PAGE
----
Typically, it can be said that the winners get to determine how history is told. In the case of the Crusades, however, that hasn’t been the case.
European Christians waged holy wars in the eastern Mediterranean during the 12th and 13th centuries until the Muslims kicked them out. But it is the stories told by medieval European chroniclers that have filtered through to the present day and form the basis of most modern histories of the Crusades.
So, how did Muslims view the invasions at the time? What did they think about the European invaders? It seems that they were not always so contentious about the Crusades and they basically considered the Europeans to be uncultured barbarians.
According to Suleiman Mourad, author of The Mosaic of Islam and a professor of religion at Smith College, had the Muslims written the histories of the Crusades, history wouldn’t focus on the wars and the bloodshed. Instead, there would be tales of coexistence, compromise, trade, scientific exchange, and love. There is, for example, Muslim poetry of the era that tells of mixed marriages.
Paul Cobb, author of Race for Paradise: An Islamic History of the Crusades and a professor of Islamic History at the University of Pennsylvania, said that Muslims don’t recognize the Crusades as a distinct occurrence. They were simply more aggressive acts from the western Christians.
Those aggressions don’t begin with Pope Urban’s speech in 1095 which rallied the crusaders. Instead, they see the attacks by the European Christians as beginning decades earlier. Western historians view the end of the Crusades as coinciding with the fall of Acre in 1291.
Muslim historians see the end of the invasions as not coming until the middle of the 15th century when Constantinople was conquered by the Ottoman empire.
At the beginning of the Crusades, the Muslim world was bigger than the Christian lands of the west. Islamic countries with Muslim rulers and that recognized Islamic law stretched from Portugal and Spain in the west to India in the east. In the north, they reached central Asia and extended to the horn of Africa in the south.
The core of the Islamic world at that time was divided into the Shi’ites and Sunni’s. Saladin was the first sultan of Egypt and Syria. He conquered Egypt first and then Syria and parts of Iraq.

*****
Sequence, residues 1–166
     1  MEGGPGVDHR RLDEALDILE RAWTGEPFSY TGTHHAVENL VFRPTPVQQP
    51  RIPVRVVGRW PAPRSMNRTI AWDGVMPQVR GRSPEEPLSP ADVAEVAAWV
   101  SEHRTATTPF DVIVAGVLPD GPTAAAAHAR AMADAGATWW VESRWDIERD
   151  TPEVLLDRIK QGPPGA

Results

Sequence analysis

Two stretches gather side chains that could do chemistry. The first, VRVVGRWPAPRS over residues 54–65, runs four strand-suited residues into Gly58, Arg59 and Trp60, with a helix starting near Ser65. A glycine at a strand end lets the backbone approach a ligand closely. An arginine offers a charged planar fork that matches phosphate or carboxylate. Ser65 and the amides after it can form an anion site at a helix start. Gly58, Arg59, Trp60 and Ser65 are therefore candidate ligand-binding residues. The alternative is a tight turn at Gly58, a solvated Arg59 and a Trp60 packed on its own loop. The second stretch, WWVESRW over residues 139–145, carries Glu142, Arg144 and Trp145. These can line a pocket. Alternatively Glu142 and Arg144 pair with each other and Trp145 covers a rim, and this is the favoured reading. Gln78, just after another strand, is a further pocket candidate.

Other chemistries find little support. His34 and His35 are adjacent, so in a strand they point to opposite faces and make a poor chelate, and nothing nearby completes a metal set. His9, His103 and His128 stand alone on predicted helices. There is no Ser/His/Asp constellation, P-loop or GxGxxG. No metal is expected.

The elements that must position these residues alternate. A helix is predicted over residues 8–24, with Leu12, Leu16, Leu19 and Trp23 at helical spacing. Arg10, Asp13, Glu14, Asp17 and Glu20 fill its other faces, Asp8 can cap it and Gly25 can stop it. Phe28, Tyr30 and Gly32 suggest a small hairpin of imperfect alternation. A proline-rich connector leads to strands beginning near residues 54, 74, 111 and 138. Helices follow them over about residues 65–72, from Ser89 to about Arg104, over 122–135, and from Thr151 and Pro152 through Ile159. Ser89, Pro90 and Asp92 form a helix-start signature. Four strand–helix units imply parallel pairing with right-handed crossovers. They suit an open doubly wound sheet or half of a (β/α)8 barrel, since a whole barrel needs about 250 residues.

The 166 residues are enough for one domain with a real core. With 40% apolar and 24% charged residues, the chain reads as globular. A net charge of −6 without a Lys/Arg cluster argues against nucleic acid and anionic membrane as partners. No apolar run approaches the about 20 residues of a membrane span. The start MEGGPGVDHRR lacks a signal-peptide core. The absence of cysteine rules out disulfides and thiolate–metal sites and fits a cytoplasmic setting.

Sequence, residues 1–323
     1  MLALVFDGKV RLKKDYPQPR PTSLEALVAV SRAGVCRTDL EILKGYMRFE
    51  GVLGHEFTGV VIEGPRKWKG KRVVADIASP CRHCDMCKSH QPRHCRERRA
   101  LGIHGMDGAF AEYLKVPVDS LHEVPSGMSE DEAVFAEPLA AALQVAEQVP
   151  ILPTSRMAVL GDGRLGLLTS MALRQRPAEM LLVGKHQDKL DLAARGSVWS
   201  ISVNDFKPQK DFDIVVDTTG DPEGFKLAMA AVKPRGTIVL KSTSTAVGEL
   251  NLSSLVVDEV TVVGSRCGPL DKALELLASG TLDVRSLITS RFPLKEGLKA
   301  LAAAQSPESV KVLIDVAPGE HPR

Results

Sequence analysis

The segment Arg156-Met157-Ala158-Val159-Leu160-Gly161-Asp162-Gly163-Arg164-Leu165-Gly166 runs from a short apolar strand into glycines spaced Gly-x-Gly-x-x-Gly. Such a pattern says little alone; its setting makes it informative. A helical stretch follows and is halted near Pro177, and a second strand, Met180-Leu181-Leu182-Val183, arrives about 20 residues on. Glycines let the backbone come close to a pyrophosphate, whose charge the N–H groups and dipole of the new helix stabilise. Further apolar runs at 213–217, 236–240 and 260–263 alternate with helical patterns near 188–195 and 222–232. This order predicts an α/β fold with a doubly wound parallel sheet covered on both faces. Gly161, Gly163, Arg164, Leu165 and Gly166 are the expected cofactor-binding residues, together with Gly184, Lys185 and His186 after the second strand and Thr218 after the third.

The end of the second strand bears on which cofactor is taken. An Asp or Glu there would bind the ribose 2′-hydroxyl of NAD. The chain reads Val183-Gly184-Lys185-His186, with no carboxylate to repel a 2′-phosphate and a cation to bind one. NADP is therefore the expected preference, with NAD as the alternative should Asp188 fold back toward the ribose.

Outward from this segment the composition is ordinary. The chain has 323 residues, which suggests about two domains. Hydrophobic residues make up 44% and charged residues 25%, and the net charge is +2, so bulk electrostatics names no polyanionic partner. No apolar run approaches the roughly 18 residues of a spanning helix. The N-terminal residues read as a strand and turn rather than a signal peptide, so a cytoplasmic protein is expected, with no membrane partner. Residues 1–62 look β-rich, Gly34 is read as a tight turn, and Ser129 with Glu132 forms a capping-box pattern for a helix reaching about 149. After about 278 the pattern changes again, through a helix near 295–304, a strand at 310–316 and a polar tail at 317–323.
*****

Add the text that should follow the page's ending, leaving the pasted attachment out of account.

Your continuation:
After unifying the people in his empire, he eventually recaptured Jerusalem and pushed the Crusaders back to a strip along the Mediterranean.
There was a “golden age” in the Muslim world that lasted from the 9th to the 14th centuries during which various centers (like Baghdad, Damascus, and Cairo) were advancing mathematics, astronomy, and medicine.
According to Mourad, the primary accomplishments of the Muslims occurred when they took classical Greco-Roman-Byzantine ideas and re-thought them. In many areas of academics, the Muslims added to or provided corrections to the Western ideas.
At the time, the Islamic world was much bigger than the western world with bigger urban centers. For example, London and Paris combined were significantly smaller than many Islamic cities. Baghdad at the time likely had hundreds of thousands of people.
The Islamic world was also more diverse and wealthier than the western world. This led to a sense of trauma for the Muslims when the Christians invaded their lands. It seemed unthinkable that these people from the fringe of the known world could invade the divinely protected, culturally progressive and militarily mighty lands of the Muslims.
But as the Crusaders entered the Muslim lands, they were welcomed as any other visitors to the land. There are letters from Saladin to the king of Jerusalem, Baldwin III, that indicate their deep friendship and alliances.
So the era of the Crusades was in many ways the opposite of how the Muslim countries and Christian countries view each other today. Back then, the Europeans were viewed as the uncultured, religious extremists from exotic lands.